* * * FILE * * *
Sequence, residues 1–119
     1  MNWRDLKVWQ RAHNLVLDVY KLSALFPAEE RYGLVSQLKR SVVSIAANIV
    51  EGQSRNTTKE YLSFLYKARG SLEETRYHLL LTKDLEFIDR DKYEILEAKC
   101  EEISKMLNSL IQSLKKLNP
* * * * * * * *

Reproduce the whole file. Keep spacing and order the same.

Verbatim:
Sequence, residues 1–119
     1  MNWRDLKVWQ RAHNLVLDVY KLSALFPAEE RYGLVSQLKR SVVSIAANIV
    51  EGQSRNTTKE YLSFLYKARG SLEETRYHLL LTKDLEFIDR DKYEILEAKC
   101  EEISKMLNSL IQSLKKLNP